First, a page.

Laurence Marquis, Emmanuel Jolivet, “Arbitration and the Environment”, Paris Journal of International Arbitration 2011
Laurence Marquis, Jan Heiner Nedden, “Use of Technology by a Major International Arbitration Organization”, International Commercial Arbitration Practice: 21st Century, 2011
Laurence Marquis, Emmanuel Jolivet, “Provisional Enforcement of Awards in France”, Paris Journal of International Arbitration 2010
Laurence Marquis, Emmanuel Jolivet, “Pathological arbitration clauses”, Paris Journal of International Arbitration 2010
Laurence Marquis, Emmanuel Jolivet, “Costs in ICC Arbitration”, Paris Journal of International Arbitration 2010
Laurence Marquis, « An update on recent ICC Court Practice », YCAP Newsletter, Lex Arbitri, 2011
Academic conferences and activities
November 2018, De la porosité des frontières normatives en droit international: l’exemple du droit international économique, organizer of the panel for the Quebec Society of International Law, Ottawa, Canada (organizer)
November 2018, The Comprehensive and Economic and Trade Agreement: an overview, European Integration bachelor’s degree class, Université Laval, Quebec, Canada (lecture)
November 2018, CETA/NAFTA: Ouverture de nouveaux marchés!, with the Honorable Pierre-Marc Johnson and Raymond Bachand, organized by the French Chamber of Commerce, Montreal, Canada (moderator)
October 2018, The Strategic Partnership Agreement between Canada and the European Union, Double Masters Degree between Université Laval and Université de Bordeaux, Université Laval, Quebec, Canada (lecture)
May 2018, The (r)evolution of the EU investment policy – Lessons from the ICS in CETA to the EU-Japan proposal, European Union in International Affairs, Brussels, Belgium (academic conference)
April 2018, The future of investment arbitration, Masters degree seminar, invited by professor Kun Fan, McGill University, Montreal, Canada (lecture)
March 2018, Panel moderator for the Student Circle conference, Quebec Society of International Law, McGill University, Montreal, Canada (moderator)
February 2018, Implementing CETA – impending doom for the EU’s investment policy?, Gem-Stones Annual Conference, Hamburg, Germany (conference)
October 2017, The Strategic Partnership Agreement between Canada and the European Union, Autumn School in European Law, Jean Monnet Chair in European Integration, Laval University, Quebec, Canada (academic conference)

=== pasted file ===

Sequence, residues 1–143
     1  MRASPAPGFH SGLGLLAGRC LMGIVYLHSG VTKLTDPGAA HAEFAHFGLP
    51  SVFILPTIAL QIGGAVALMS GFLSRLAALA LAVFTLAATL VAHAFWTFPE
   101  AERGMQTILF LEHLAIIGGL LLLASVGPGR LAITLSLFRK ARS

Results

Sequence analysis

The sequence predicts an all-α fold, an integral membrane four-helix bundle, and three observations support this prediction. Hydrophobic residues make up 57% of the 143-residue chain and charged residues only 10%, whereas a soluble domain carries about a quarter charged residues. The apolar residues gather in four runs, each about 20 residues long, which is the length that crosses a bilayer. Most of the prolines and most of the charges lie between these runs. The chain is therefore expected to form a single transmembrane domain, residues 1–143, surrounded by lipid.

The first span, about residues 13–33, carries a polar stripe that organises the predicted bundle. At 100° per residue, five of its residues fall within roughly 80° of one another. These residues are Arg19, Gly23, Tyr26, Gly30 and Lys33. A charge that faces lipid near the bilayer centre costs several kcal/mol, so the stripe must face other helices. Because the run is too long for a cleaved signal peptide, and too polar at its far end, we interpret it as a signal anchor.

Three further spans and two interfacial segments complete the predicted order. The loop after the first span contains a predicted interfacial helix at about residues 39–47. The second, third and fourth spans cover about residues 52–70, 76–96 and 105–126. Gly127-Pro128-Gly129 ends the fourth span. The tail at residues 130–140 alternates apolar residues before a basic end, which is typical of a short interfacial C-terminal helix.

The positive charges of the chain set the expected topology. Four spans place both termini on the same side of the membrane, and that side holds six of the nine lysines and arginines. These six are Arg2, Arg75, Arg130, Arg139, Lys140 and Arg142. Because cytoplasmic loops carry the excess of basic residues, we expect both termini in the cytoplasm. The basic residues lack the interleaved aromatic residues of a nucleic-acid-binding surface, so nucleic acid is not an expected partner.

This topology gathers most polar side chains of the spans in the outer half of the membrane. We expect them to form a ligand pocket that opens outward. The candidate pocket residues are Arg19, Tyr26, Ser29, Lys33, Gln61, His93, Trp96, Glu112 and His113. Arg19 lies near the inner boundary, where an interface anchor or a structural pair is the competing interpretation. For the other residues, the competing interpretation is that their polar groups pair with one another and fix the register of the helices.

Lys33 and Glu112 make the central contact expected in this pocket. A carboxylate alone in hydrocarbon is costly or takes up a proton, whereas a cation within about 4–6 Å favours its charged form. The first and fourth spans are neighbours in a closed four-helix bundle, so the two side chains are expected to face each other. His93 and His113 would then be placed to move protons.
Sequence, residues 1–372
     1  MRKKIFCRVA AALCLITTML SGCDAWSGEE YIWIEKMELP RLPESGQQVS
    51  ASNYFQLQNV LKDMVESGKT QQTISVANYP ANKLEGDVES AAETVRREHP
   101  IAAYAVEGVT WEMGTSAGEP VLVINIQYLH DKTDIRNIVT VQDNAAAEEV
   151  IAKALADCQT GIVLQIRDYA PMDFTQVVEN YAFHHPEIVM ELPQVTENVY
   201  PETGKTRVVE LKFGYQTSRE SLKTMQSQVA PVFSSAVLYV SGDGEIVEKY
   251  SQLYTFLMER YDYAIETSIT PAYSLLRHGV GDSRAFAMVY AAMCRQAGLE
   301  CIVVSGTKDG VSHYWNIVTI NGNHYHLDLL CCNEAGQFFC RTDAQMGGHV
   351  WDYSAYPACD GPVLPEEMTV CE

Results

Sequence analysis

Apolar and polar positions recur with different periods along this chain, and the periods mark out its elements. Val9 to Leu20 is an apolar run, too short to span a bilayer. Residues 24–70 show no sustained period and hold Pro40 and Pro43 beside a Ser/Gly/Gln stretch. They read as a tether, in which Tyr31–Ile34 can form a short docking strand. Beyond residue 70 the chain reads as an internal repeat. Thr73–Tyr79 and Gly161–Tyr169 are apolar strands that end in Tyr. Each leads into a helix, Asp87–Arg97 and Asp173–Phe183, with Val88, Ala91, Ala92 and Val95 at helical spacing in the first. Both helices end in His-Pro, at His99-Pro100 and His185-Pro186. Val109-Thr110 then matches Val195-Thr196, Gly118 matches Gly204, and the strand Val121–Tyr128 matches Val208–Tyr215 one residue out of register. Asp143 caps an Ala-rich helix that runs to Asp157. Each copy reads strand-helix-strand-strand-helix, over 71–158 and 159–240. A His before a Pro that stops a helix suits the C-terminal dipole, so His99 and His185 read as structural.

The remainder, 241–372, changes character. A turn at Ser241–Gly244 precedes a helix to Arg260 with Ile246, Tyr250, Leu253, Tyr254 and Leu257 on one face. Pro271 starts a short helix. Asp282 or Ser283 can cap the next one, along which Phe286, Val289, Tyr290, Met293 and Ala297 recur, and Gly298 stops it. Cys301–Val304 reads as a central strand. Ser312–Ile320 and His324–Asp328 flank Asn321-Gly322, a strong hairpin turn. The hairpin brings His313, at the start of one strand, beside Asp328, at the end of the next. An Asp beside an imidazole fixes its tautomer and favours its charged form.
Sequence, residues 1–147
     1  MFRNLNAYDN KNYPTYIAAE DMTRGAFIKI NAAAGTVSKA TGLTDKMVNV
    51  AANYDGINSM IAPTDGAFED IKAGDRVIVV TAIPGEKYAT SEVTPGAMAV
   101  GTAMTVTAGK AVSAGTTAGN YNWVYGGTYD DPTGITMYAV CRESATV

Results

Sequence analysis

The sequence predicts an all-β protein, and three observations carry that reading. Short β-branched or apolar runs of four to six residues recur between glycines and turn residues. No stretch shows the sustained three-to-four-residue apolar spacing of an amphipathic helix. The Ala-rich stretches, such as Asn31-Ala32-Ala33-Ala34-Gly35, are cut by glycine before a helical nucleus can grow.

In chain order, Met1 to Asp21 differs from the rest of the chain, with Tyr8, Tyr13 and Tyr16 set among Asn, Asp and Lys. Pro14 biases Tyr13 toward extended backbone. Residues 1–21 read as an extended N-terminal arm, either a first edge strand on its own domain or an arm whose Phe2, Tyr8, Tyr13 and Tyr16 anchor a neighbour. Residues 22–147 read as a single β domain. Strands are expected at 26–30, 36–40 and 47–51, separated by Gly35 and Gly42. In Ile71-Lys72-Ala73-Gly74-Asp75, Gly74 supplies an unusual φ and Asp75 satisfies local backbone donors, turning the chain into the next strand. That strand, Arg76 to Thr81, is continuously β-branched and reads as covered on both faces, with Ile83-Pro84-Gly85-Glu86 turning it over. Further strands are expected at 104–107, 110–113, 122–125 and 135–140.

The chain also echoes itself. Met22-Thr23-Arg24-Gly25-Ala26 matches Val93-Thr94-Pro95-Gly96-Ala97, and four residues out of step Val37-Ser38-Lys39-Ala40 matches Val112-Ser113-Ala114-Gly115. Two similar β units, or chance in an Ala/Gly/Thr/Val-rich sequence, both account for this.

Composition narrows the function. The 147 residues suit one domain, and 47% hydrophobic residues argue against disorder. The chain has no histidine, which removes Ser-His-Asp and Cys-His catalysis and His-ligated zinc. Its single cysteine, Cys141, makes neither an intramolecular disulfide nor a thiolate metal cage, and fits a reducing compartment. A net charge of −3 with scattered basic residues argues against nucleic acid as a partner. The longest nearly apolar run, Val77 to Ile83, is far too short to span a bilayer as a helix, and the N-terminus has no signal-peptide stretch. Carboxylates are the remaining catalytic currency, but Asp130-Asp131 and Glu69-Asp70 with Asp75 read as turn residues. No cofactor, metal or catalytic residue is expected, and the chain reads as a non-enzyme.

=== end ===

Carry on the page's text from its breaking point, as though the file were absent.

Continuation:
June 2017, “A review of ICC procedure under the ICC Arbitration Rules”, at the International Arbitration Summer Course, Mexico City, Mexico (lecture)
November 2016, “The investment chapter of the TPP: between the classic American solution and a European renewal”, as part of the colloquium held in Montreal and Ottawa from November 16- 18, 2016, Les partenariats transatlantiques et transpacifiques à l’ère de l’interconnexion (academic conference)
October 2016, “The Role of Provinces in the negotiations of international trade agreements: the comparison between NAFTA, CETA and the TPP”, The Multilevel Politics of Trade, CIGI, Balsillie School of International Affairs and the Wilfrid Laurier University, Waterloo (academic conference)
October 2016, « The Strategic Partnership Agreement between Canada and the European Union », double degree masters programme between the Université Bordeaux and Université Laval, Quebec (lecture)
September 2016, « The new mega-regional free trade agreements: between myth and reality », Faculty of Law, University of Sherbrooke (lecture)
July 2016, « How to break into international arbitration », Young Arbitrators Forum, as part of the International Arbitration Summer Course, Madrid
June 2016, « The investment chapter of the Trans-Pacific Partnership: what’s new, what’s not, and so what?», 25 June 2016, International Studies Association annual conference, City University, Hong Kong (academic conference)
May 2016, « The Strategic Partnership Agreement between Canada and the European Union – The role of Canada in its relations with the Caribbean, with Robert Ready, former Ambassador for Canada and lead negotiator of CARICOM» Faculty of Law, Université Laval, as part of the colloquium on relationships between the European Union, the Caribbean and North America, by the Jean Monnet Chair (academic conference)
June 2015, Université de Sherbrooke, Summer school in applied international law and political science, International investment law with J. Fouret (lecture)
November 2014, President of the “Panel on sovereign debt”, Canadian Council on International Law Annual Conference, Ottawa,